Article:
I have reason to believe at last that as a result of this Committee's consideration of this matter, it may be possible to begin talks between the two Governments in the very near future. I hope that that will be the case. I must confess that we are not very optimistic about the outcome. It would be wrong for me to mislead the House and the country into believing that, because we hope there is a possibility of starting talks in the near future, the outcome of those talks is going to be completely satisfactory from the standpoint of the authors and other interested people in this country. We are somewhat encouraged by the fact that U.N.E.S.C.O. is concerning itself with the question of copyright, with the ultimate object of a world-wide convention, and we hope that that in itself might have its influence on the attitude and actions of the United States of America.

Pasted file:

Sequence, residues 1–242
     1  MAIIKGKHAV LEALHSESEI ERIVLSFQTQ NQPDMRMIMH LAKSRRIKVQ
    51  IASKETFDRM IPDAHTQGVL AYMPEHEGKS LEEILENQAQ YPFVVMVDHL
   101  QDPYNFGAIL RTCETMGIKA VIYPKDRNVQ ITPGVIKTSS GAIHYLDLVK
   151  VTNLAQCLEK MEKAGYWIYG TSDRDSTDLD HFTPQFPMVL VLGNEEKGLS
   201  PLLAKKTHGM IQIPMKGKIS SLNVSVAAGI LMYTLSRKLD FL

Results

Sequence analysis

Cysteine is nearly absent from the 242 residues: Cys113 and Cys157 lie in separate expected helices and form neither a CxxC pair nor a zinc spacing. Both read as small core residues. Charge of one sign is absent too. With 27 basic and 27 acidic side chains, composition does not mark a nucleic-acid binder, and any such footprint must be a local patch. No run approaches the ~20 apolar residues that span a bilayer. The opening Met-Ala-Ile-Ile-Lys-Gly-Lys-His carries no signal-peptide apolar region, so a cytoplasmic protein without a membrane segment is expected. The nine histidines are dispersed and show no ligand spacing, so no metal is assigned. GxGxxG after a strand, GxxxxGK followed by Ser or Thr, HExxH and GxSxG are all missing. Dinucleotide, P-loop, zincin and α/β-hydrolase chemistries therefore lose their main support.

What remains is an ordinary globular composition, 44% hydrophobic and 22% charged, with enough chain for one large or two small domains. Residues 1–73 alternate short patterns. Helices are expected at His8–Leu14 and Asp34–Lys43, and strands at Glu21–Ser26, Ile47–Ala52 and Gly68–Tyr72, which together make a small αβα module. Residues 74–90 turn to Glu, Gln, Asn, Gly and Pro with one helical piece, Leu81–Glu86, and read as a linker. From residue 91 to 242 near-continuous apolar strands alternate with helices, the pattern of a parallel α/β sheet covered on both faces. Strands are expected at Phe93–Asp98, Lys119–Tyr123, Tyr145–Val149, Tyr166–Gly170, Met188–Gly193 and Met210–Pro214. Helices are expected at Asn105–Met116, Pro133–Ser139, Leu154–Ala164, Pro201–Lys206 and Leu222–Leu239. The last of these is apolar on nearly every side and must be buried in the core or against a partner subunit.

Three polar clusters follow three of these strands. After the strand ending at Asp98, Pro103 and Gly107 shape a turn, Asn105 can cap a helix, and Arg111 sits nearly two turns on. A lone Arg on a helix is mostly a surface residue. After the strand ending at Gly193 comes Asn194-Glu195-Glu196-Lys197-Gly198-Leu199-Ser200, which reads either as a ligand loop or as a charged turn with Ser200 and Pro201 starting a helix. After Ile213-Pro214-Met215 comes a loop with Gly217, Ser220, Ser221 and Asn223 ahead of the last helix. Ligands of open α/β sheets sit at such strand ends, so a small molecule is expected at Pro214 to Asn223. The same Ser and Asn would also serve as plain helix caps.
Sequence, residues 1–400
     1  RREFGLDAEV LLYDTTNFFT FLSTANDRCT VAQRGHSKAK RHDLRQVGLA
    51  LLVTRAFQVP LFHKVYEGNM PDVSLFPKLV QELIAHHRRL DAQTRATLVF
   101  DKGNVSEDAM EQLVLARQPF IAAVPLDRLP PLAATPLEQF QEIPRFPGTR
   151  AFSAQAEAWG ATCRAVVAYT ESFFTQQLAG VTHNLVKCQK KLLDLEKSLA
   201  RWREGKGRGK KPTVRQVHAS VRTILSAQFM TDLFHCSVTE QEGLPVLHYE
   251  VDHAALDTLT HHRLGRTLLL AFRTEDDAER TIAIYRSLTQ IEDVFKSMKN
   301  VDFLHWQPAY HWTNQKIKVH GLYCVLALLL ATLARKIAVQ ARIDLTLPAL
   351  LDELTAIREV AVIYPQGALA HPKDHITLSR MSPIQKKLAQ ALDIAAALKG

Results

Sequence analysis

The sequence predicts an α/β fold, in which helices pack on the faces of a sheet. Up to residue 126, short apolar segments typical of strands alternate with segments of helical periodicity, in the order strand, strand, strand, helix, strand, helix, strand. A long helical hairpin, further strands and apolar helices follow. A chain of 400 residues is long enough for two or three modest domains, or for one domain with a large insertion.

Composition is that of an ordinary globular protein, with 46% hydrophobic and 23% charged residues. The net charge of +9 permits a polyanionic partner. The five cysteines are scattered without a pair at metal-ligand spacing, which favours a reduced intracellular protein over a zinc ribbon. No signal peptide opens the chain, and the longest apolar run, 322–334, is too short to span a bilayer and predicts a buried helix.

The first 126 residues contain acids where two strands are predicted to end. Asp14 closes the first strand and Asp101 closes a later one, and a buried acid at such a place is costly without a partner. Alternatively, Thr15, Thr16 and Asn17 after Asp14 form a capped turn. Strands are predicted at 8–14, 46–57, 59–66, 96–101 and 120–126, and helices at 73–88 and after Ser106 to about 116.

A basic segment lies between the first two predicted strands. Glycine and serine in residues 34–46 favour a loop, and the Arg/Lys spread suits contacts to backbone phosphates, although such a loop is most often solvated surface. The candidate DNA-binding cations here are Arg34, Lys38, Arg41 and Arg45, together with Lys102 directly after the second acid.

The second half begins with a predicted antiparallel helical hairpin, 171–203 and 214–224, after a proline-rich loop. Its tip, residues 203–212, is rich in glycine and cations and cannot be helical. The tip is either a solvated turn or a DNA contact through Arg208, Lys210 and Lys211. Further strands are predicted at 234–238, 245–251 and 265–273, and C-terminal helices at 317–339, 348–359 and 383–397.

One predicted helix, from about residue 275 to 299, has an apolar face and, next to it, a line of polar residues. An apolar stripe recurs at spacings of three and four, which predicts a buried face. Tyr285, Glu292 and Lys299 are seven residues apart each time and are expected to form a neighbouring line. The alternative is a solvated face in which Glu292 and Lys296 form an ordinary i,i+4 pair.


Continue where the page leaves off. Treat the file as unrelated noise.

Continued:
Our proposals would involve radical alterations of the United States copyright law, and we know their difficulties in that respect. So far as we are concerned, such radical alterations would not be required in our own law, apart from the issue of an Order in Council. The United States attitude is bound to be considerably influenced by the fact that they are likely to have considerable difficulty in changing the whole of their copyright law. My hon. Friend has indicated that we are under a handicap because, as adherents to the Berne Convention, we have international obligations which require that works first published in any convention country, or simultaneously published in any such country and in a non-convention country, are entitled to protection in all convention countries without further formality. United States authors can obtain coypright for their published works simply by publishing them in the United States and here, and in this sense publication means making them available to the public and does not mean manufacturing. That is an additional difficulty with which we are laden.